How UA gear and UAD plugins were used in the creation of the sound for Shadow of the Tomb Raider

December 6, 2018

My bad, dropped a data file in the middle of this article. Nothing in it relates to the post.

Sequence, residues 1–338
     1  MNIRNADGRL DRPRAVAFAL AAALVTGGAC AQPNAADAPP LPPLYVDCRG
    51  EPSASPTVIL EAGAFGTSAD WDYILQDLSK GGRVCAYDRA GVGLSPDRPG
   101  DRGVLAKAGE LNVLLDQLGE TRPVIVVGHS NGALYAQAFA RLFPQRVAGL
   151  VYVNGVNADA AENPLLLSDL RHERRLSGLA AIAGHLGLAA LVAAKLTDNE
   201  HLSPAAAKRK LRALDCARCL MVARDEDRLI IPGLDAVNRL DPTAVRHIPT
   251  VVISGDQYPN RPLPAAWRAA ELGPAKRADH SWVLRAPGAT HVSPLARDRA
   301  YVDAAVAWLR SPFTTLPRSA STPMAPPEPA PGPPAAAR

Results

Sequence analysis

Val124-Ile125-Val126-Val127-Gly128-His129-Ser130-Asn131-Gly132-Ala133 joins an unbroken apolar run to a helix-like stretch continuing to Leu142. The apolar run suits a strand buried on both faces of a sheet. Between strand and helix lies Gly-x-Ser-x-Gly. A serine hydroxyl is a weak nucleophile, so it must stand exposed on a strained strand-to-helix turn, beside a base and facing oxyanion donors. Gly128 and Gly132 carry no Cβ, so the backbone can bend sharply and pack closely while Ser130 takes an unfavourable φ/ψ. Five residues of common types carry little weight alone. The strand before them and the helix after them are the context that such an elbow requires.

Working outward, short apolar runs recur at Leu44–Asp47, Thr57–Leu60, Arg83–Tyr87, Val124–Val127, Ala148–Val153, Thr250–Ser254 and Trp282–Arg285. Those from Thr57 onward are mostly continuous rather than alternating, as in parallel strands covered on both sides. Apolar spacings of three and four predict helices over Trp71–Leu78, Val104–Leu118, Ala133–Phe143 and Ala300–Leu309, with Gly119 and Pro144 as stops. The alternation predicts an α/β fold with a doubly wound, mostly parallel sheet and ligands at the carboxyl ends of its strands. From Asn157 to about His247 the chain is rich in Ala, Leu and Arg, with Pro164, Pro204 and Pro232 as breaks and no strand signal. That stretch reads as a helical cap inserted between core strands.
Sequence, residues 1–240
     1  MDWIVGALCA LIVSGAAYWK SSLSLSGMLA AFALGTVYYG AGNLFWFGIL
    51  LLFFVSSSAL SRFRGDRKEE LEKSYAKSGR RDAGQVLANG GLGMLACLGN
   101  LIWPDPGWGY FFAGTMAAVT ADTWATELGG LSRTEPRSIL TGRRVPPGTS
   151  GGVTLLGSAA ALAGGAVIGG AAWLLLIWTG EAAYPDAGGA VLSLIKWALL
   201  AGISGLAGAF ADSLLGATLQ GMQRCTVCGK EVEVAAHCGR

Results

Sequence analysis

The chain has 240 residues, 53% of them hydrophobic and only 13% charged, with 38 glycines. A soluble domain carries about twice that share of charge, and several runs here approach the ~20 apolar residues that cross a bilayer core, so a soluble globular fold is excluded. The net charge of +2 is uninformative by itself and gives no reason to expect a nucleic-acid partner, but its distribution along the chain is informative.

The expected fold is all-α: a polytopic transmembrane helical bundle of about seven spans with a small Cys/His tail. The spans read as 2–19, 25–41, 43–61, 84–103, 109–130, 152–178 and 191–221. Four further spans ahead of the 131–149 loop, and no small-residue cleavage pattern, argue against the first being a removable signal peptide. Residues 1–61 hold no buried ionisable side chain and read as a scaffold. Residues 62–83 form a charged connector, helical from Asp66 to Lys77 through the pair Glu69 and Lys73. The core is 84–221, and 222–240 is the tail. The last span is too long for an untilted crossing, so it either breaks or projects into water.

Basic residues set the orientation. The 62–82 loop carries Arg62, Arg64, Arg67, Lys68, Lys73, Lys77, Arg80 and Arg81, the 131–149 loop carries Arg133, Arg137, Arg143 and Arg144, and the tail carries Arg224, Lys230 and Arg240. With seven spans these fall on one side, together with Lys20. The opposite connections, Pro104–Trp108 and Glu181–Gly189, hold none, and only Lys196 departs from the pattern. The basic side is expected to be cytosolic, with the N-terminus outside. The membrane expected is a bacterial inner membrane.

“Since we owned a few Universal Audio Apollo interfaces (first gen Silver Faces, Black Faces, Twins and Twins MkII) with Unison preamps for a long time, we decided to put their Unison emulations to the test and to be honest, we couldn’t hear the difference between our Neve preamps through the Burl converter and the Neve Unisons through the Apollo converters on a 100+ tracks piece of music,” Cravo explains. “Maybe we would be able to if we did more scientific tests, with same sources, recorded at the same time with matched microphones, but in the real world, they sounded at least as good as the more expensive signal chain.” Once the team decided to go with the Apollo setup, they had the Apollo console running two stereo inputs at all times. One input always had the Josephson C700S in M/S mode into a Neve 1073 Unison, while the second input was an U87 together with a Gefell UM930 in M/S using a different Unison preamp. “Lots of tracks used the UA610 or the Manley VoxBox or the Helios 69,” says Cravo. “The input chain choice was made in real time, playing through both sets of mics and choosing the one that fits the track. “Brian and myself are longtime UAD users, and because their software and hardware is both bulletproof and sounds amazing, we could rely on it to deliver the best possible quality in the shortest amount of time, every time, without cutting corners.”

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